A variety of genes have been identified that specify the synthesis of the components of guanine nucleotide-binding proteins (G proteins). Eight different guanine nucleotide-binding alpha-subunit proteins, two different beta subunits, and one gamma subunit have been described. Hybridization of cDNA clones with DNA from human-mouse somatic cell hybrids was used to assign many of these genes to human chromosomes. The retinal-specific transducin subunit genes GNAT1 and GNAT2 were on chromosomes 3 and 1; GNAI1, GNAI2, and GNAI3 were assigned to chromosomes 7, 3, and 1, respectively; GNAZ and GNAS were found on chromosomes 22 and 20. The beta subunits were also assigned--GNB1 to chromosome 1 and GNB2 to chromosome 7. Restriction fragment length polymorphisms were used to map the homologues of some of these genes in the mouse. GNAT1 and GNAI2 were found to map adjacent to each other on mouse chromosome 9 and GNAT2 was mapped on chromosome 17. The mouse GNB1 gene was assigned to chromosome 19. These mapping assignments will be useful in defining the extent of the G alpha gene family and may help in attempts to correlate specific genetic diseases with genes corresponding to G proteins. Images PMID:2902634

  12. Inferring nonneutral evolution from human-chimp-mouse orthologous gene trios.

    PubMed

    Clark, Andrew G; Glanowski, Stephen; Nielsen, Rasmus; Thomas, Paul D; Kejariwal, Anish; Todd, Melissa A; Tanenbaum, David M; Civello, Daniel; Lu, Fu; Murphy, Brian; Ferriera, Steve; Wang, Gary; Zheng, Xianqgun; White, Thomas J; Sninsky, John J; Adams, Mark D; Cargill, Michele

    2003-12-12

    Even though human and chimpanzee gene sequences are nearly 99% identical, sequence comparisons can nevertheless be highly informative in identifying biologically important changes that have occurred since our ancestral lineages diverged. We analyzed alignments of 7645 chimpanzee gene sequences to their human and mouse orthologs. These three-species sequence alignments allowed us to identify genes undergoing natural selection along the human and chimp lineage by fitting models that include parameters specifying rates of synonymous and nonsynonymous nucleotide substitution. This evolutionary approach revealed an informative set of genes with significantly different patterns of substitution on the human lineage compared with the chimpanzee and mouse lineages. Partitions of genes into inferred biological classes identified accelerated evolution in several functional classes, including olfaction and nuclear transport. In addition to suggesting adaptive physiological differences between chimps and humans, human-accelerated genes are significantly more likely to underlie major known Mendelian disorders. PMID:14671302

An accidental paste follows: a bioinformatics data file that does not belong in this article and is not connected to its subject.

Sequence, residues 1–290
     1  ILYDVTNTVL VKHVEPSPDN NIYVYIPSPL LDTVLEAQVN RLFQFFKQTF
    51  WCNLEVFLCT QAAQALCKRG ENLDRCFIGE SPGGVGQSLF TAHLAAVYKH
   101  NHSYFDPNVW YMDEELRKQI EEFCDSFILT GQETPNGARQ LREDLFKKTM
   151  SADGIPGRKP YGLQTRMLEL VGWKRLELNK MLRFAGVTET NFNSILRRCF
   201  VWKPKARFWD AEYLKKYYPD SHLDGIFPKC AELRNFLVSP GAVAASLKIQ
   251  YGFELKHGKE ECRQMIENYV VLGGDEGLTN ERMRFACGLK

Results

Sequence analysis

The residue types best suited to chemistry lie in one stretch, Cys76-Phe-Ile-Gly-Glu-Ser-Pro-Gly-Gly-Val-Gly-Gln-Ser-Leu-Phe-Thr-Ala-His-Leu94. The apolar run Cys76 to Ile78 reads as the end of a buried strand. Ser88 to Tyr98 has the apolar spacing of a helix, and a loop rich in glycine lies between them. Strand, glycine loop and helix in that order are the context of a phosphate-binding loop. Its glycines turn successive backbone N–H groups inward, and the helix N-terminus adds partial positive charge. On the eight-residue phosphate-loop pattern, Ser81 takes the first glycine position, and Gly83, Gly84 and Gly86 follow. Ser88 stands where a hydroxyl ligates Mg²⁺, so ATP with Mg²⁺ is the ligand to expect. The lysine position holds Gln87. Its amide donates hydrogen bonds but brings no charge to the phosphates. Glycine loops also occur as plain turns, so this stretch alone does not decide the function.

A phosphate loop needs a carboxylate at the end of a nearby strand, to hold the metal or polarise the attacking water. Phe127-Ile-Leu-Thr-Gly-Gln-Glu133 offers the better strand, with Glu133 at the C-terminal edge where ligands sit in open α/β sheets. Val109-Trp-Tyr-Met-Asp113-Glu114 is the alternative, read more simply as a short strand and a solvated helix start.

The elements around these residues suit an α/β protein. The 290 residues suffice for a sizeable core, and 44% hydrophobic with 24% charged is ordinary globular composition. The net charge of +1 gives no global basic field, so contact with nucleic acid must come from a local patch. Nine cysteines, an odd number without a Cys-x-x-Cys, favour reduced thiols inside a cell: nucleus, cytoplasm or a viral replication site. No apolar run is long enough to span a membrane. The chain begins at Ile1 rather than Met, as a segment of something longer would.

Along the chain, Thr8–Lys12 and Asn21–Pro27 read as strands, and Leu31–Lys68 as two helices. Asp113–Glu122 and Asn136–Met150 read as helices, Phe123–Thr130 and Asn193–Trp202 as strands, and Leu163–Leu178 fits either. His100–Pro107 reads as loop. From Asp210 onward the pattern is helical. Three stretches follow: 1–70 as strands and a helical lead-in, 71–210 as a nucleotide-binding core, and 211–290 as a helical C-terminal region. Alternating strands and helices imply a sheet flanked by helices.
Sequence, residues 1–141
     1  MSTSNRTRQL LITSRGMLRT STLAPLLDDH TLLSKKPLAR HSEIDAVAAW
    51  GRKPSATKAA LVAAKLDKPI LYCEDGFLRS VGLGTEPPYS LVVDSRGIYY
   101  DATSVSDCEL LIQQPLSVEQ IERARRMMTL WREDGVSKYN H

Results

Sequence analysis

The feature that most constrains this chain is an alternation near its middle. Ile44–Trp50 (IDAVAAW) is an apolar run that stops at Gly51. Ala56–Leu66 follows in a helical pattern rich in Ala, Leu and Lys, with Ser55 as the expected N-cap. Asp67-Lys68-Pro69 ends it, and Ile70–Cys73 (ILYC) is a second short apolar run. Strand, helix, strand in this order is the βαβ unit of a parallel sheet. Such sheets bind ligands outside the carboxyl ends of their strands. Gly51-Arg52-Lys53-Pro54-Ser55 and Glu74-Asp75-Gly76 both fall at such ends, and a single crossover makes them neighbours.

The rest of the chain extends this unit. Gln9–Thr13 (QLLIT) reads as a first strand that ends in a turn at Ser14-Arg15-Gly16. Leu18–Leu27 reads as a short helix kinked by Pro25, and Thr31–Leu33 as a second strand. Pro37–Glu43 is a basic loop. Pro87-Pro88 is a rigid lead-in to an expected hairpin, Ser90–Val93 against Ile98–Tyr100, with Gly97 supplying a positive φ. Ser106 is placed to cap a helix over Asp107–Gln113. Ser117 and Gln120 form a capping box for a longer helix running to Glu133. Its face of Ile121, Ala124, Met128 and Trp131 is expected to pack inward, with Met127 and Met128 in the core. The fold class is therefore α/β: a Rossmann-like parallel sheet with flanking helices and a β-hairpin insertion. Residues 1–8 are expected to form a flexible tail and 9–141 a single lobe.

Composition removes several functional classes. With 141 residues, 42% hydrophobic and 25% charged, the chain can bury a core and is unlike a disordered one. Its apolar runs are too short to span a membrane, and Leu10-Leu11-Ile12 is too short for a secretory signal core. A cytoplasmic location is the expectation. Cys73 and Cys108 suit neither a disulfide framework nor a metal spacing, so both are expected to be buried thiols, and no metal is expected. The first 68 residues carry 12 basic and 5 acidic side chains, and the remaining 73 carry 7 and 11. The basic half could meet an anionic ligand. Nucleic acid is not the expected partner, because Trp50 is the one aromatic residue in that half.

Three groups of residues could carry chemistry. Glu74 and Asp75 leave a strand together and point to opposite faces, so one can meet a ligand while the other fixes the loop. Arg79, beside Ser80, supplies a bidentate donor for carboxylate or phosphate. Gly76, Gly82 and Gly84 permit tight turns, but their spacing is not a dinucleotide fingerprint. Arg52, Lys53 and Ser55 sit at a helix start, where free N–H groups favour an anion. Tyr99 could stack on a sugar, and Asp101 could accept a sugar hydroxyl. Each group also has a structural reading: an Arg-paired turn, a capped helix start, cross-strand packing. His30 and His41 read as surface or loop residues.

13. Assessment of orthologous splicing isoforms in human and mouse orthologous genes

    PubMed Central

    2010-01-01

    Background Recent discoveries have highlighted the fact that alternative splicing and alternative transcripts are the rule, rather than the exception, in metazoan genes. Since multiple transcript and protein variants expressed by the same gene are, by definition, structurally distinct and need not to be functionally equivalent, the concept of gene orthology should be extended to the transcript level in order to describe evolutionary relationships between structurally similar transcript variants. In other words, the identification of true orthology relationships between gene products now should progress beyond primary sequence and "splicing orthology", consisting in ancestrally shared exon-intron structures, is required to define orthologous isoforms at transcript level. Results As a starting step in this direction, in this work we performed a large scale human- mouse gene comparison with a twofold goal: first, to assess if and to which extent traditional gene annotations such as RefSeq capture genuine splicing orthology; second, to provide a more detailed annotation and quantification of true human-mouse orthologous transcripts defined as transcripts of orthologous genes exhibiting the same splicing patterns. Conclusions We observed an identical exon/intron structure for 32% of human and mouse orthologous genes. This figure increases to 87% using less stringent criteria for gene structure similarity, thus implying that for about 13% of the human RefSeq annotated genes (and about 25% of the corresponding transcripts) we could not identify any mouse transcript showing sufficient similarity to be confidently assigned as a splicing ortholog. Our data suggest that current gene and transcript data may still be rather incomplete - with several splicing variants still unknown. The observation that alternative splicing produces large numbers of alternative transcripts and proteins, some of them conserved across species and others truly species-specific, suggests that, still maintaining the conventional definition of gene orthology, a new concept of "splicing orthology" can be defined at transcript level. PMID:20920313